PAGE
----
Hey guys! By now you may be noticing that a lot of my recent DIYs are inspired by tropical trends and natural materials. This one is no different! Wicker, bamboo and rattan woven light pendants are super popular right now. But it’s easy to pay a pretty penny for them! So for all my budget homemakers out there, you will love to know that you can make these easy DIY raffia pendant lights for under $10, plus some things you can find at home. I have to say, this DIY is on the cheap side even for me! No complaints!
This DIY will get your hands messy, but is simple and doesn’t require much effort or any exotic materials.
DIY Raffia Pendant Lights
You will need:
Natural Raffia – $3
Baking Paper / Wax Paper – find at home
Mod Podge OR PVA Glue – $6
Fold-back clips – find at home
Cardboard sheet or conical objects such as vases – find at home
Vases and wide bottles make great moulds for this DIY. You don’t have to worry about harming a perfectly good vase, as we’ll just be using the shape as a guide. If you don’t have any conical objects to use, you can roll up a cardboard sheet to create your own cone shapes. I will say I used both options, and using a solid object is a little easier. You will also see that using cardboard gives a rougher effect, so if you like that look better, go with cardboard.
Firstly, cover your vase or cone object with baking paper. This is a little tricky, as not even sticky tape will stick to baking paper. Use fold-back clips to attach the baking paper to the bottom of the cone. I also used a mix of elastic bands and strips of raffia tied around the top sections. Find whatever works to hold the baking paper on! As my vase had a large flat base, I turned it upside down and added a cardboard cone at the top. This continued the shape up a little higher.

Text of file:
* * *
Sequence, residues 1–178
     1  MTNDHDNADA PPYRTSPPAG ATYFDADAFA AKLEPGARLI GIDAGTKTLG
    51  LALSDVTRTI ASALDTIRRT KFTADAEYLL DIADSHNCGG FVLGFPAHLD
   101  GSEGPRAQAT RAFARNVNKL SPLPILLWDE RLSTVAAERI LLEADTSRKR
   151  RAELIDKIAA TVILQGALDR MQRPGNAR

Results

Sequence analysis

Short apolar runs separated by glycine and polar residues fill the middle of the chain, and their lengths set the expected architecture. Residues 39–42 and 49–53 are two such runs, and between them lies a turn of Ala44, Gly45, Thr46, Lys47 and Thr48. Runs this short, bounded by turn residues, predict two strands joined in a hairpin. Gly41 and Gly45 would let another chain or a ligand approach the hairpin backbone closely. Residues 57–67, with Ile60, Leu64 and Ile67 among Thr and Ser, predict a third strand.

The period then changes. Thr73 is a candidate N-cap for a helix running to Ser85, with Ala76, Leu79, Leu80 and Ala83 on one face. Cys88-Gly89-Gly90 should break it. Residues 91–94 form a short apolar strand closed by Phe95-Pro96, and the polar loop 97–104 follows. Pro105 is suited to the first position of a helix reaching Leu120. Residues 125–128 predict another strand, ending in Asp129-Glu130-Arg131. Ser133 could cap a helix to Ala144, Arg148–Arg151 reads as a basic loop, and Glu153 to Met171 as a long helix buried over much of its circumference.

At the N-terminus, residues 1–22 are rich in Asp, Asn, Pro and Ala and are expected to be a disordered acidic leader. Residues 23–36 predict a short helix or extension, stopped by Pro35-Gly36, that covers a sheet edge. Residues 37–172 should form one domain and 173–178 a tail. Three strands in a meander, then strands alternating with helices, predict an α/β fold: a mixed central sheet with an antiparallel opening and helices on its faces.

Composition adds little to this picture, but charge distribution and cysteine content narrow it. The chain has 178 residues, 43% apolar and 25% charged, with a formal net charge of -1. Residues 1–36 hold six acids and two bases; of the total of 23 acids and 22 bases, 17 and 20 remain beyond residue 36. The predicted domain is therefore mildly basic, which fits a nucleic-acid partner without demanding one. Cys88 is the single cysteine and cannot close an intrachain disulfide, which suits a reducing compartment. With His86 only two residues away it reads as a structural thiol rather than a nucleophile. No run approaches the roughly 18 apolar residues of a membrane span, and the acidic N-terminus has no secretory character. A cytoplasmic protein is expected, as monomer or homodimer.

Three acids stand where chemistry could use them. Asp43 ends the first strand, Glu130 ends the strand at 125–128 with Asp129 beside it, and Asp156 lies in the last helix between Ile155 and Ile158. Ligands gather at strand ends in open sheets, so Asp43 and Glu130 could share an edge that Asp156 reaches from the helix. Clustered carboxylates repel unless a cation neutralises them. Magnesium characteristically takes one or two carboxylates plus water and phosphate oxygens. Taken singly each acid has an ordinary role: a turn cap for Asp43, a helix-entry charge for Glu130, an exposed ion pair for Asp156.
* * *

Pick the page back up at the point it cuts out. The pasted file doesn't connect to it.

If you are using PVA glue, make a mix of 2:1 PVA glue to water. Take a strand of raffia and dip it in the glue, using your fingers to work the glue down the length of raffia. Starting from the top, wrap the strand around the cone model. Once you reach the end of a strand, tuck the end under the raffia you just wrapped or use the next strand to hold it in place.
At the top of your cone, make sure you leave a circle big enough for the lightbulb fixture (or electrical cord) to just pass through. Work your way down the cone, wrapping strand by strand. Do as many layers as you like, but the more layers you do, the stronger your pendant will be. I also like to leave a few gaps so the light can shine through.
Make sure that as you wrap the raffia around the cone, you wrap a little higher and lower with each strand. This will make sure that the raffia strands stick to each other and stay in place once finished.
After you have done enough wrapping and layering, leave it to dry overnight or in front of a fan.
When your pendant is dry, remove the cone model from underneath. You should then be able to carefully pry the baking paper from the raffia, without the raffia collapsing.
Thread your pendant onto your light fixture and this raffia pendant is ready to hang!